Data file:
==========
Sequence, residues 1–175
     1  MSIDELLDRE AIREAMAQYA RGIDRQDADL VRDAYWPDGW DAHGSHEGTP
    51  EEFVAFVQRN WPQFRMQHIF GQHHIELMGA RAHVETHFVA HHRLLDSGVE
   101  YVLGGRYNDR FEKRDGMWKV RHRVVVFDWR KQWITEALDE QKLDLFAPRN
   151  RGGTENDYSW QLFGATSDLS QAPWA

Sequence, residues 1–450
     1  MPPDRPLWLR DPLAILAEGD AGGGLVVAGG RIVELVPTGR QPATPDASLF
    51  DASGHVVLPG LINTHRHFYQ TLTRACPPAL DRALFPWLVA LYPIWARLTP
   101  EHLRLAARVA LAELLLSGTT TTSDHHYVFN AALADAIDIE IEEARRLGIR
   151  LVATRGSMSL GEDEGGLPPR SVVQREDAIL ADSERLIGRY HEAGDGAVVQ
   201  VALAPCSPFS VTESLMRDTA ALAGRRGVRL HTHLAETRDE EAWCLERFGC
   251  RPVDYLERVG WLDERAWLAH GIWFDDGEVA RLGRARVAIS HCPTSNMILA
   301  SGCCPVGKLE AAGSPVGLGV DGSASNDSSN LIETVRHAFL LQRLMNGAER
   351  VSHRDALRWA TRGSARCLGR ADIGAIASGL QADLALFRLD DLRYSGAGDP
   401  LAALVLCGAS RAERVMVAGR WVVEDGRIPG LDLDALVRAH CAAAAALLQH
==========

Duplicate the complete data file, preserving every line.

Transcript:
Sequence, residues 1–175
     1  MSIDELLDRE AIREAMAQYA RGIDRQDADL VRDAYWPDGW DAHGSHEGTP
    51  EEFVAFVQRN WPQFRMQHIF GQHHIELMGA RAHVETHFVA HHRLLDSGVE
   101  YVLGGRYNDR FEKRDGMWKV RHRVVVFDWR KQWITEALDE QKLDLFAPRN
   151  RGGTENDYSW QLFGATSDLS QAPWA

Sequence, residues 1–450
     1  MPPDRPLWLR DPLAILAEGD AGGGLVVAGG RIVELVPTGR QPATPDASLF
    51  DASGHVVLPG LINTHRHFYQ TLTRACPPAL DRALFPWLVA LYPIWARLTP
   101  EHLRLAARVA LAELLLSGTT TTSDHHYVFN AALADAIDIE IEEARRLGIR
   151  LVATRGSMSL GEDEGGLPPR SVVQREDAIL ADSERLIGRY HEAGDGAVVQ
   201  VALAPCSPFS VTESLMRDTA ALAGRRGVRL HTHLAETRDE EAWCLERFGC
   251  RPVDYLERVG WLDERAWLAH GIWFDDGEVA RLGRARVAIS HCPTSNMILA
   301  SGCCPVGKLE AAGSPVGLGV DGSASNDSSN LIETVRHAFL LQRLMNGAER
   351  VSHRDALRWA TRGSARCLGR ADIGAIASGL QADLALFRLD DLRYSGAGDP
   401  LAALVLCGAS RAERVMVAGR WVVEDGRIPG LDLDALVRAH CAAAAALLQH